Three years ago Diane Lahumière asked me to curate her booth at Art Paris, whilst at the same the fair director, Guillaume Piens, was looking for new members to join the Selection Committee. He liked the original idea of Galerie Lahumière having their booth curated by a collector and asked me to join. After some meetings and a time of reflection I accepted. It is very exciting to see the inner-workings of an art fair! This year a second collector joined us, and along with the other members of the committee, we make the gallery selection by studying their applications. For the 2017 edition, Art Paris will see 138 galleries coming from thirty-nine countries. In a broader context, I see myself as an ambassador for the fair – supporting Art Paris and it’s different approach to other fairs. I enjoy speaking to the gallery owners, the artists and other collectors, trying to see the fair from their point of view whilst using my experience of visiting fairs to help improve and broaden Art Paris.
How important is it for new art fairs to keep on popping up? Do you ever buy pieces at an art fair or do you use them mainly for connections?
Since some years now, Art Paris is becoming more and more focus because it is a different fair that has found its way back to quality as well as not following the “star-system” that many established fairs follow. Art Paris is still a place were you can discover new art, visit galleries and find artists that you did not know about and would not normally meet. For example, the “Promises” section of the fair is open to young galleries where they are given the opportunity to take part in the fair with a special rate for their booth. Every year the fair gains more attention because of this unique approach to collaborating with young galleries, and as a result, Art Paris has now found its place in the art world offering an original and open-minded program. Since 2013, the fair invites a guest of honor, with this year’s guest being Africa – featuring twenty galleries each showcasing an emerging African artists.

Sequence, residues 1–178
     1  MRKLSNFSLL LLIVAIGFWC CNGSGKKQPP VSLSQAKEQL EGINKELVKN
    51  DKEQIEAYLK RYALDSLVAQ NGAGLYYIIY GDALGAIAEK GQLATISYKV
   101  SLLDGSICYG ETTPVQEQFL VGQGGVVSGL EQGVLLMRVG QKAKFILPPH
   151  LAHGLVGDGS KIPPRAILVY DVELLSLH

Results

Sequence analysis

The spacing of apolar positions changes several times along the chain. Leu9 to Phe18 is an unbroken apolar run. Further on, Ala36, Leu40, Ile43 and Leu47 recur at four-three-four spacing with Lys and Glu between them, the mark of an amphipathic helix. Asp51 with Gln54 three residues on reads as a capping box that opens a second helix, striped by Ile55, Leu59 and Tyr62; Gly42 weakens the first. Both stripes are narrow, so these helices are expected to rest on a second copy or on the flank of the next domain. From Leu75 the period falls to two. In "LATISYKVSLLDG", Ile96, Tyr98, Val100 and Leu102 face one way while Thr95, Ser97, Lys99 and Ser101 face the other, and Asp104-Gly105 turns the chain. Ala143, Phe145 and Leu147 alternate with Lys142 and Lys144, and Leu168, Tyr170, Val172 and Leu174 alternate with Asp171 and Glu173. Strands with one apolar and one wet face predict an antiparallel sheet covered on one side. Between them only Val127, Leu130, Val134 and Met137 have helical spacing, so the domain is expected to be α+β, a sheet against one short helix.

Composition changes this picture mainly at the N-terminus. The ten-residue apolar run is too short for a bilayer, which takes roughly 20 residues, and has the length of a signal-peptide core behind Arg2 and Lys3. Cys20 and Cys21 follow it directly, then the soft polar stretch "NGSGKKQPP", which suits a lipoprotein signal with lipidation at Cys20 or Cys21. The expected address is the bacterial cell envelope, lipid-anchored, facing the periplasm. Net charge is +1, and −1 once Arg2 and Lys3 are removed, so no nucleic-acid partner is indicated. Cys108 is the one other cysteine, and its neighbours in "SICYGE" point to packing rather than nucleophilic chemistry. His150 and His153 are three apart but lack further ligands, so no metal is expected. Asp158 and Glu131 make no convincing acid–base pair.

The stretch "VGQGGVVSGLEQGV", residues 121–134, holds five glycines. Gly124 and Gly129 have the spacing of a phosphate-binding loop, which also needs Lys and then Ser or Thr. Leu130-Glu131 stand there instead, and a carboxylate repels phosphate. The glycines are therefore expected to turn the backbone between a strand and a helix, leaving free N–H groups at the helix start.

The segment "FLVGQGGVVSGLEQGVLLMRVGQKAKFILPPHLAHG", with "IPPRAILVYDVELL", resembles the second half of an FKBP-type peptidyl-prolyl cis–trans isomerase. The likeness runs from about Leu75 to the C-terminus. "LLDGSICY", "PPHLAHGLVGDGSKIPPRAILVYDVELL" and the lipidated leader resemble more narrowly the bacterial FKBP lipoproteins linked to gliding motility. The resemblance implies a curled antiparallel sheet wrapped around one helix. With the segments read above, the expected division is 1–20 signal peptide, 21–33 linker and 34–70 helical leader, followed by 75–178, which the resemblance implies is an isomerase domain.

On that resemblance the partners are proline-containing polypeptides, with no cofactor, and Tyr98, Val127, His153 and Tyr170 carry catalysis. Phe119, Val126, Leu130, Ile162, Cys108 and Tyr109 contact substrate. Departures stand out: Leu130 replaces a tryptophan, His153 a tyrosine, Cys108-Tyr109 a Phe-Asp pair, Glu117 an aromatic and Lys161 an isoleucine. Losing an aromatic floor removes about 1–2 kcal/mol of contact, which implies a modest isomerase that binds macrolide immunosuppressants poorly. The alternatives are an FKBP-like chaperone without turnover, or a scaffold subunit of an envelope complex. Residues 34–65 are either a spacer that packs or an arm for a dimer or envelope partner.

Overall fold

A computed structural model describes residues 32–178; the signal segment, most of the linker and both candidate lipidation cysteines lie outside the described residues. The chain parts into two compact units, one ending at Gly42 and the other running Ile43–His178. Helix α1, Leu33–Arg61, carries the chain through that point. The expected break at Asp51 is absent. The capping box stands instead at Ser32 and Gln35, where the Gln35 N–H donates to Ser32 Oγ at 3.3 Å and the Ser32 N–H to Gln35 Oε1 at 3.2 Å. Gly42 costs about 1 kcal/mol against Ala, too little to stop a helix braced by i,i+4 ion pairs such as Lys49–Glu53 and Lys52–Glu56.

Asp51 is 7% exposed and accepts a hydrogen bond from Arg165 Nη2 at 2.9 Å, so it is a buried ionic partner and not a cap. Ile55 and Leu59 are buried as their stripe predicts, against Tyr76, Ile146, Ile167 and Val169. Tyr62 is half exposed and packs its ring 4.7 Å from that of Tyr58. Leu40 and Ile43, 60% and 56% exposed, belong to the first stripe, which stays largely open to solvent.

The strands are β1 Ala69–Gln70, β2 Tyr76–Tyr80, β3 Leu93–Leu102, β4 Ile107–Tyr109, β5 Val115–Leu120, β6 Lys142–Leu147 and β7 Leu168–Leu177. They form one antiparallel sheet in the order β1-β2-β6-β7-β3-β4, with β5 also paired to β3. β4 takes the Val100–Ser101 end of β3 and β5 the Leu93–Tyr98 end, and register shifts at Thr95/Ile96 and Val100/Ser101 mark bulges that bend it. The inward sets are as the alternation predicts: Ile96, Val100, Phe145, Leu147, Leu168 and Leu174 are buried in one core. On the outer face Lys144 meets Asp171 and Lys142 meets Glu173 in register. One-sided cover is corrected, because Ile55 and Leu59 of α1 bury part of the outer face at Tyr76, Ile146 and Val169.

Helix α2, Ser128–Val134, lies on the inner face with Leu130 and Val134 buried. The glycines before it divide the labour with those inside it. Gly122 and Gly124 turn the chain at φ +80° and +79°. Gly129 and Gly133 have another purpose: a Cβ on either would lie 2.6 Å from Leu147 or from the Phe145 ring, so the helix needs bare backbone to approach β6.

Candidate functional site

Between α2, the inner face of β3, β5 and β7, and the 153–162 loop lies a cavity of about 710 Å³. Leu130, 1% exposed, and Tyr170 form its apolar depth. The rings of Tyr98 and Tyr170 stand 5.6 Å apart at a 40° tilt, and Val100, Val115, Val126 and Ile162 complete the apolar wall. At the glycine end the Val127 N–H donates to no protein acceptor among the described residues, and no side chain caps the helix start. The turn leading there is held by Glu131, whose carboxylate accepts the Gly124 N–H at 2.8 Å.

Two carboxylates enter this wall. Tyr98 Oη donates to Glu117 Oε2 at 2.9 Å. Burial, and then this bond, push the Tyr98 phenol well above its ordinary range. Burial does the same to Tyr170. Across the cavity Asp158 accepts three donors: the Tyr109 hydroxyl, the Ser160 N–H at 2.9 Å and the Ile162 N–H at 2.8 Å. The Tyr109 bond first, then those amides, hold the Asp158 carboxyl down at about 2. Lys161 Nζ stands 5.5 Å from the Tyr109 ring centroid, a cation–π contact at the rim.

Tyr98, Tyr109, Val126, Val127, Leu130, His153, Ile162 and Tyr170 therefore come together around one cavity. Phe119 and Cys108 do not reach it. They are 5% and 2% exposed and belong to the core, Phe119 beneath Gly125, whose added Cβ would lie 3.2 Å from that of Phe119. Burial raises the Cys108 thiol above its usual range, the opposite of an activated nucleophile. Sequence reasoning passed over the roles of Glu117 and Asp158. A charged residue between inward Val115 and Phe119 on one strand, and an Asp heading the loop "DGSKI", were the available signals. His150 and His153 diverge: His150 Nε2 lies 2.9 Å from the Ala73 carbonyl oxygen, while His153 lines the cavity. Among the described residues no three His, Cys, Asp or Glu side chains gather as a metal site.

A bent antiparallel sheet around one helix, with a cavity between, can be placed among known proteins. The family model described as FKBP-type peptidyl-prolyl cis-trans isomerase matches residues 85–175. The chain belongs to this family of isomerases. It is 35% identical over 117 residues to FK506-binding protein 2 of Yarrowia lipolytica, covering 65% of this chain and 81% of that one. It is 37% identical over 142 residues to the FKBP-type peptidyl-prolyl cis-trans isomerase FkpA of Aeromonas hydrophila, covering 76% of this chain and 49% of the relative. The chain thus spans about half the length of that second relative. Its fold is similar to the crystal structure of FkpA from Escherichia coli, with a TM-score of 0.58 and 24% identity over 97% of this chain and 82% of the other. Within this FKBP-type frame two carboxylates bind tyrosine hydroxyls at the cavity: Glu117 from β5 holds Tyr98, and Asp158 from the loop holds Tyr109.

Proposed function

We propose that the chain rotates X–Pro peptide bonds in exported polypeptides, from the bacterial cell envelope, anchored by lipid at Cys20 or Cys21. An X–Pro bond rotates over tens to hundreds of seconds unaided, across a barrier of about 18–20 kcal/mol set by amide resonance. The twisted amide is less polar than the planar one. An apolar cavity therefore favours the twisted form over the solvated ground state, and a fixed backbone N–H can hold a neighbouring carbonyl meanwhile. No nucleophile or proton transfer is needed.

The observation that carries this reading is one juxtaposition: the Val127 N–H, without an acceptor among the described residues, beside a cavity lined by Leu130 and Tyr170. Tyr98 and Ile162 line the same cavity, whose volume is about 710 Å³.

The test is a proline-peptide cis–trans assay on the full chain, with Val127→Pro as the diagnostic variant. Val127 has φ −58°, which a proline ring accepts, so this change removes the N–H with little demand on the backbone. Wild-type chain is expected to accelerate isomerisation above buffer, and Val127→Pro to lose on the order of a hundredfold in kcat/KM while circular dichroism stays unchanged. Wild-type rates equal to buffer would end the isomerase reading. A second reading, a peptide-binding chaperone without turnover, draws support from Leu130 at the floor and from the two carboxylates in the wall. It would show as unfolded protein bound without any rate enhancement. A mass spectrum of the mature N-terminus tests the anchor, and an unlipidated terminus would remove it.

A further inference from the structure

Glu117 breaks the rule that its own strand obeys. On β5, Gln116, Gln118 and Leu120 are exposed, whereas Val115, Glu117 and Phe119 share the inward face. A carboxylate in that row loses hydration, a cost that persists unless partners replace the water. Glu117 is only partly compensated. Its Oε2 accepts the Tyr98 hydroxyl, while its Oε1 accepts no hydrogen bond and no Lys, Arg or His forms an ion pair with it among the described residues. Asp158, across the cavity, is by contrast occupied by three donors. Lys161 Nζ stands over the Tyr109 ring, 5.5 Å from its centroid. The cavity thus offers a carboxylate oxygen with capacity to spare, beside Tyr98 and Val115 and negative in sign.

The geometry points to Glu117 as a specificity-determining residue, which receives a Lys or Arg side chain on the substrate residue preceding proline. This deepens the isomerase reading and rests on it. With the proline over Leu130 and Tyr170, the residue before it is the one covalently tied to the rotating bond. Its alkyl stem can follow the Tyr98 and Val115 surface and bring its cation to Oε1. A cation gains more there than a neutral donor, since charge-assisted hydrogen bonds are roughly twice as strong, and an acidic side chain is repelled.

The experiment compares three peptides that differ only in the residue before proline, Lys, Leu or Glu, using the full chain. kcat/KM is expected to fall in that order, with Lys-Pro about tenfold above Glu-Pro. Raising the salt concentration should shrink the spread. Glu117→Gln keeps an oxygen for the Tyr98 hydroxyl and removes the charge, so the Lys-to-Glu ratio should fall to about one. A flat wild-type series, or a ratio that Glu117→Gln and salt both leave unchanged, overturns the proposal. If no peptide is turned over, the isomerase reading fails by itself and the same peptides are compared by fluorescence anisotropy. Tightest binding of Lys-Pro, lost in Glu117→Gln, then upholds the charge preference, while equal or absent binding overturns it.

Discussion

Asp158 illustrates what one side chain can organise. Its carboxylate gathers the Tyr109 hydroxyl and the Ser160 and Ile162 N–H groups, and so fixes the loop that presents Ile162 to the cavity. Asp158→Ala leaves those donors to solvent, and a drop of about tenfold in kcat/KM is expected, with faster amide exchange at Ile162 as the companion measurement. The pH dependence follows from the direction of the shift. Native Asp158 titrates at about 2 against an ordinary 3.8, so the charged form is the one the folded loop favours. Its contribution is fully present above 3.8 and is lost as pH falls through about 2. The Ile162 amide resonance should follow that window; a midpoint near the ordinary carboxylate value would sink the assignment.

Art Paris is firmly on the path of putting art first. Fairs have to bring back art to the public. Many fairs are mostly focused on their VIP’s and are forgetting that art belongs to everyone. It is very important today, in a world that is getting more and more dangerous, to find new approaches to demonstrate how art can open doors, accept differences and connect people. In this regard Art Paris is a very “human” and honest fair. My first pieces were bought in galleries, and that is always the place I prefer to buy because I need the relation and discussion with the gallerist. Of course I have also bought art at fairs because they are places where the art world is on display to you and therefor you have access to foreign art and culture.